Cambridge, MA asked in Contracts, Car Accidents, Consumer Law and Small Claims for Massachusetts

Q: Is "property damage" a legal issue? A tow truck driver damaged my car.

A tow truck driver towed my car and damaged the front fenders, front bumper, and undercarriage when he tried to remove the equipment attached to my car. He and the owner of the company refused to pay for the repairs to my car, and I want to file a small claims suit against the company. I also have to write a legal memorandum about this case for a course at college.

3 Lawyer Answers
Ali Shahrestani, Esq.
Ali Shahrestani, Esq.
PREMIUM
Answered
  • San Francisco, CA
  • Licensed in Massachusetts

A: Were you illegally parked? How did the damage specifically occur? You may be able to sue them in small claims court for objectively unreasonable damage to your car during the tow. More details are necessary to provide a professional analysis of your issue. The best first step is an Initial Consultation with an Attorney. You can read more about me, my credentials, awards, honors, testimonials, and media appearances/ publications on my law practice website, www.AEesq.com. I practice law in CA, NY, MA, and DC in the following areas of law: Business & Contracts, Criminal Defense, Divorce & Child Custody, and Education Law. This answer does not constitute legal advice; make any predictions, guarantees, or warranties; or create any Attorney-Client relationship.

Peter N. Munsing
Peter N. Munsing
PREMIUM
Answered
  • Personal Injury Lawyer
  • Wyomissing, PA
  • Licensed in Massachusetts

A: The legal memorandum you will want to write yourself as it's course work. (you won't want to present it in court as small claims court judges are not big on non-lawyers trying to play lawyer and it won't work if the other side has an attorney because then you lose the sympathy the court may have for you as a layperson because you've decided to be a lawyer so the court will react "game on."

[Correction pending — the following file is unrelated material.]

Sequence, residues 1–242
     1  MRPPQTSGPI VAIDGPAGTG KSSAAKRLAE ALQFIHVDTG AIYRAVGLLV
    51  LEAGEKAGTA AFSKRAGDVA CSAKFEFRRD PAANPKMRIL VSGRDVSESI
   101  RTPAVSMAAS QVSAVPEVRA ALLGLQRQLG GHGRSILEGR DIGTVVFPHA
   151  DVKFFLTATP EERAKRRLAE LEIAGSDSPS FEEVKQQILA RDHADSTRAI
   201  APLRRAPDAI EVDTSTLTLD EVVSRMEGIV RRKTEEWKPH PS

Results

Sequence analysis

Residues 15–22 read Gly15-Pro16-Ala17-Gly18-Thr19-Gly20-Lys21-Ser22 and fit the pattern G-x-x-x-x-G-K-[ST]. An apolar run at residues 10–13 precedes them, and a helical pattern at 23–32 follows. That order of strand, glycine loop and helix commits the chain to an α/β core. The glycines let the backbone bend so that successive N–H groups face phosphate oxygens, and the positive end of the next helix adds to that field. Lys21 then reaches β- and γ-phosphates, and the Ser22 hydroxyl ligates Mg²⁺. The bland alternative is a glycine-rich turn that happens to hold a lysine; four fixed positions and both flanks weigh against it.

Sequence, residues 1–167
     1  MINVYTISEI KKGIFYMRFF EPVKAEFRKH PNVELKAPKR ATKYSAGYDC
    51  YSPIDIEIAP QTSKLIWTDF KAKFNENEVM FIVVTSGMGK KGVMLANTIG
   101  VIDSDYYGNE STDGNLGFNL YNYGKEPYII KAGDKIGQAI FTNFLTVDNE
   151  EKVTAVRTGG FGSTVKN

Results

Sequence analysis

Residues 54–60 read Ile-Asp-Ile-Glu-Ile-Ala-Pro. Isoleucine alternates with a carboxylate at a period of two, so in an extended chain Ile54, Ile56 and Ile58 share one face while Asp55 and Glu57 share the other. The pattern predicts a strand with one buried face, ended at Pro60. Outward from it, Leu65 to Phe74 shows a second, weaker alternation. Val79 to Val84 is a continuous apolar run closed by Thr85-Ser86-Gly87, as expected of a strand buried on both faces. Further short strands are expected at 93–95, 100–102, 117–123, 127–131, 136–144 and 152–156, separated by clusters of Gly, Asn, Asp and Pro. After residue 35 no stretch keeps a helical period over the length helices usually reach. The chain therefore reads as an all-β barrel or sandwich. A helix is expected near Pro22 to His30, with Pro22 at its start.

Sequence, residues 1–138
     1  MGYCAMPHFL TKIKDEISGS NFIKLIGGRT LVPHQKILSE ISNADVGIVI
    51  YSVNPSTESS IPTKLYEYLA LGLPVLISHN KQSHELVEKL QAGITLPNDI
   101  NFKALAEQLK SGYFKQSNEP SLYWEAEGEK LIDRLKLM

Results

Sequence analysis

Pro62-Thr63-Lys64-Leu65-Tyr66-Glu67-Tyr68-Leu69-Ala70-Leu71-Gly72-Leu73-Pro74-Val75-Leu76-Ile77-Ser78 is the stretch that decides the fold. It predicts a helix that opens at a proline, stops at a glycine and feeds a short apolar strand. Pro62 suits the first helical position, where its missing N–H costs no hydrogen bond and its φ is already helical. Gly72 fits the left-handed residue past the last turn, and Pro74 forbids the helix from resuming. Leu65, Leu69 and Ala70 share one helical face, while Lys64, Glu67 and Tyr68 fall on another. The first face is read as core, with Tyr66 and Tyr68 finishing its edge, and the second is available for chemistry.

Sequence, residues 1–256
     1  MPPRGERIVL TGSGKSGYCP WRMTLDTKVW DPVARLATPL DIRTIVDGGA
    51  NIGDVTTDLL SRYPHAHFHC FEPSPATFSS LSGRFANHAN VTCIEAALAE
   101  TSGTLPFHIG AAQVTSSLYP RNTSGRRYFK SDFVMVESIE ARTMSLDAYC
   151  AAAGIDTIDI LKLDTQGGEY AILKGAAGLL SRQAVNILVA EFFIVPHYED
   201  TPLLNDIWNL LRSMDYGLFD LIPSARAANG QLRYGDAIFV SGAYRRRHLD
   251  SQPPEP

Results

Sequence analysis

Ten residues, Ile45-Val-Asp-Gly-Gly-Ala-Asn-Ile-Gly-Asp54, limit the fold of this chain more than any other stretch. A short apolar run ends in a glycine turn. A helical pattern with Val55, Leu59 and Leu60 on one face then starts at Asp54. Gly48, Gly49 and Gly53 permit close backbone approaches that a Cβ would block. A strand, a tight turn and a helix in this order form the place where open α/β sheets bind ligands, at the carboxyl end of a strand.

Your point is that assuming the tow truck had a right to tow you they had to do it in a way that wouldn't damage the vehicle.

If their response is that they damage every car they tow, then that's baloney.

If you asked them to tow and signed a waiver the issue will be that you assumed the risk of damage; your point would be that the risk wasn't to have fender and other damage. A witness who is credible (i.e. not your drinking buddy who will testify with a bleary eyed smirk), could testify there was no damage similar to what is now.

Did you get two estimates? Did you send to the tow company with a request they forward these to their insurer? After they refused did you file a complaint whith whoever regulates towing companies?

2 users found this answer helpful

Jonathan R. Roth
Jonathan R. Roth
Answered
  • Salem, MA
  • Licensed in Massachusetts

A: Subject to knowing more about the circumstances of the Tow, e.g. was it removed by the City for being illegally parked, assuming they were towing the car because you called them to tow it, you can sue them for damages. If it was illegally parked the grounds for seeking damages are slightly different depending upon the circumstances.

If you go to the Mass Trial Court Law Libraries, which is online, you can research the law for damages related to this matter. There is also a Trial Court Law Library in downtown Boston.

Justia Ask a Lawyer is a forum for consumers to get answers to basic legal questions. Any information sent through Justia Ask a Lawyer is not secure and is done so on a non-confidential basis only.

The use of this website to ask questions or receive answers does not create an attorney–client relationship between you and Justia, or between you and any attorney who receives your information or responds to your questions, nor is it intended to create such a relationship. Additionally, no responses on this forum constitute legal advice, which must be tailored to the specific circumstances of each case. You should not act upon information provided in Justia Ask a Lawyer without seeking professional counsel from an attorney admitted or authorized to practice in your jurisdiction. Justia assumes no responsibility to any person who relies on information contained on or received through this site and disclaims all liability in respect to such information.

Justia cannot guarantee that the information on this website (including any legal information provided by an attorney through this service) is accurate, complete, or up-to-date. While we intend to make every attempt to keep the information on this site current, the owners of and contributors to this site make no claims, promises or guarantees about the accuracy, completeness or adequacy of the information contained in or linked to from this site.